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‘Patience is a virtue’: Responding to the FCDO International Development Strategy /

In May this year, the UK Foreign, Commonwealth and Development Office (FCDO) released its highly anticipated strategy for international development. As Liz Truss, the Foreign Secretary, makes clear in her Foreword, at the macro level this strategy represents a fundamental shift in the UK Government’s approach, with development being more clearly integrated into wider UK foreign policy objectives. A lot of the commentary emerging from the international development sector so far has focused on the proposed shift of funding from multilateral to bilateral aid, and on the four clear priorities that the strategy outlines – on increased overseas investment, women and girls’ education and empowerment, humanitarian assistance, and tackling global challenges such as climate change and global health.

Yet what I found most interesting about the strategy was not what the renewed approach to international development will be, but on how the government plans to achieve this. One aspect stood out particularly strongly for me: the commitment to a ‘patient approach.’

This certainly resonates with the work of Crown Agents’ Government Systems Strengthening practice, which I oversee. The focus of our work is very much on the ‘unglamorous’ process of patient change to tackle underlying structural challenges in the countries where we work. We pride ourselves on having longstanding relationships with governments, and in many cases we have played a critical role in supporting successive waves of reform. We’ve learned that systems improvement is rarely a linear process, done and dusted within the scope of a typical three-year donor-funded project window, but that meaningful and sustainable reforms take time to become ingrained.

By adopting this patient approach, we’ve been able to make significant improvements to how Ukraine procures medicines, which had not only saved the Ministry of Health $65.7 million over 5 years, but also increased the availability of life saving drugs for patients and helped to create trust in the government’s healthcare reforms. On the other side of the world in Nepal, Crown Agents has managed the roll-out of a system to track and manage public finances at the local level, helping to improve efficiency, accountability and transparency. Neither of these interventions were quick fixes – securing sustainable long-term improvement has involved engagement over many years.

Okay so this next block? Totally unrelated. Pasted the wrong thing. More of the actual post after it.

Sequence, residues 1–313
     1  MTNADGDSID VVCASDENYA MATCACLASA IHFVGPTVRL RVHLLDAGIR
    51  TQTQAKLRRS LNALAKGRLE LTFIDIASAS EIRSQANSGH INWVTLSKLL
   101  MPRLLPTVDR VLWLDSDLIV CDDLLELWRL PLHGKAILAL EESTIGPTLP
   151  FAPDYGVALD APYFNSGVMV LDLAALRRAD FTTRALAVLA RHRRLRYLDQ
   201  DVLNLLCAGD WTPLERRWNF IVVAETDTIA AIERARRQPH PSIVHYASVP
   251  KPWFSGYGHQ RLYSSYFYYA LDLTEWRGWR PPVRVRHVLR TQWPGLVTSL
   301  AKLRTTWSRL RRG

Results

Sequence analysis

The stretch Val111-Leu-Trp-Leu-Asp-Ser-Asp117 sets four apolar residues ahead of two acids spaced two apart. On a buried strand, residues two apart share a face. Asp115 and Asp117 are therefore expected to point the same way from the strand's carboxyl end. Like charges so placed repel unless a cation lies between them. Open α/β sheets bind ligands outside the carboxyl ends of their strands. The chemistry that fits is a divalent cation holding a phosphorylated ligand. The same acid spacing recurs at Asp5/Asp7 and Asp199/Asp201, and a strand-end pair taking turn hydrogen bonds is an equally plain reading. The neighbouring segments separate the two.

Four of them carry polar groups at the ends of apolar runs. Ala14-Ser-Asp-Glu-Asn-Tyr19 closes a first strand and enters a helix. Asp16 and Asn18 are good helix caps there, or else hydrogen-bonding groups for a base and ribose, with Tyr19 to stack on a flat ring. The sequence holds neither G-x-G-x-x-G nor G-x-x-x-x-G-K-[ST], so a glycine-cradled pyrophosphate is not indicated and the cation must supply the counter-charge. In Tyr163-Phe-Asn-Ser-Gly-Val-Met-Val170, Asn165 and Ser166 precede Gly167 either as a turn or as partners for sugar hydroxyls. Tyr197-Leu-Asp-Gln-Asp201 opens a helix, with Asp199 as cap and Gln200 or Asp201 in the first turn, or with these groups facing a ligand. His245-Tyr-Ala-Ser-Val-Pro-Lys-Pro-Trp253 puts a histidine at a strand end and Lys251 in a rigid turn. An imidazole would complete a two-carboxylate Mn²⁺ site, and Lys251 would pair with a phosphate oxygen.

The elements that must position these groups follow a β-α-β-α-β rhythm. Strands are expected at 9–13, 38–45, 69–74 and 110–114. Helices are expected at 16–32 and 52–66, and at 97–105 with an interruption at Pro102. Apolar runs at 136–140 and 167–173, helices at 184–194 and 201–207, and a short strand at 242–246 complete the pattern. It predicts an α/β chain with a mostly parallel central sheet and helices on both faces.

Being committed to a longer-term process enables better understanding of the local context and plays a crucial role in building relationships based on trust. We’ve also seen this in our work with the Ministry of Finance in Ghana, where for more than ten years we’ve been supporting better public procurement by undertaking independent value-for-money audits on their behalf, enabling the government to negotiate lower cost infrastructure investments. We also see the value of that longer term perspective in the training and professional development programmes we run, targeted largely at senior civil servants from governments across Africa. Through this work we’ve been able to sustain engagement with many institutions, often providing core skills and building capacity for successive cohorts of officials.

Of course, there’s an inherent tension between the need for patience, and the sense that some of the issues prioritised in the FCDO’s International Development Strategy feel really urgent. For example, the pressing need for action in response to climate change or in making sure that every girl around the world receives 12 years of quality education. Managing this tension is perhaps the single biggest challenge that the Department will face in moving the strategy into implementation. At Crown Agents we talk about ‘accelerating self-sufficiency’ as a means to embrace this dichotomy; ultimately our aim is to support reforms that tackle the structural challenges which have prevented faster progress. Only by getting to those underlying barriers will we be able to see sustainable, long-term improvements and enable countries to become less reliant on external assistance over time.

Below the inevitable top-line focus and commentary on what the International Development Strategy tells us about Liz Truss’ ideological worldview, or questions around bilateral vs multilateral aid allocations, it’s been heartening to see important indications on the direction of travel around how the FCDO will approach development in future. With Crown Agents’ long-standing experience of developing and implementing long-lasting reforms for governments around the world, the proposed approach aligns well with our view of how best to accelerate self-sufficiency as the route to sustainable development. As the phrase goes, ‘patience is a virtue’!